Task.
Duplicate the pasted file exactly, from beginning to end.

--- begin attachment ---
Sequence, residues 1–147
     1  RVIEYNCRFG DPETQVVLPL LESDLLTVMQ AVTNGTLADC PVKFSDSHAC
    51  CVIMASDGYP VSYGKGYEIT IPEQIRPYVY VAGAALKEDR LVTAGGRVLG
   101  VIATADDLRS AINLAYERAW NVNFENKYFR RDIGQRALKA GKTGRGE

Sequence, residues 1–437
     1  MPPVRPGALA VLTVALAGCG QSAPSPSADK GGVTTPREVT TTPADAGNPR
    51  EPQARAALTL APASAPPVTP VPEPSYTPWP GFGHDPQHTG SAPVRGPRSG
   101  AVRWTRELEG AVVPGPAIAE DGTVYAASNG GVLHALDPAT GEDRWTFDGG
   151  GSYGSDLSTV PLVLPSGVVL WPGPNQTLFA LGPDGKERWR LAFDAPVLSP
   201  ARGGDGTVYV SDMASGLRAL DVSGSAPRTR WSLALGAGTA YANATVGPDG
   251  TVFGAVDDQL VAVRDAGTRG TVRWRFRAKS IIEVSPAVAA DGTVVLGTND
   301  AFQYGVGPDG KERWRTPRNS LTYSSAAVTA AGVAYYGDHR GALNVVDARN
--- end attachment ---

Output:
Sequence, residues 1–147
     1  RVIEYNCRFG DPETQVVLPL LESDLLTVMQ AVTNGTLADC PVKFSDSHAC
    51  CVIMASDGYP VSYGKGYEIT IPEQIRPYVY VAGAALKEDR LVTAGGRVLG
   101  VIATADDLRS AINLAYERAW NVNFENKYFR RDIGQRALKA GKTGRGE

Sequence, residues 1–437
     1  MPPVRPGALA VLTVALAGCG QSAPSPSADK GGVTTPREVT TTPADAGNPR
    51  EPQARAALTL APASAPPVTP VPEPSYTPWP GFGHDPQHTG SAPVRGPRSG
   101  AVRWTRELEG AVVPGPAIAE DGTVYAASNG GVLHALDPAT GEDRWTFDGG
   151  GSYGSDLSTV PLVLPSGVVL WPGPNQTLFA LGPDGKERWR LAFDAPVLSP
   201  ARGGDGTVYV SDMASGLRAL DVSGSAPRTR WSLALGAGTA YANATVGPDG
   251  TVFGAVDDQL VAVRDAGTRG TVRWRFRAKS IIEVSPAVAA DGTVVLGTND
   301  AFQYGVGPDG KERWRTPRNS LTYSSAAVTA AGVAYYGDHR GALNVVDARN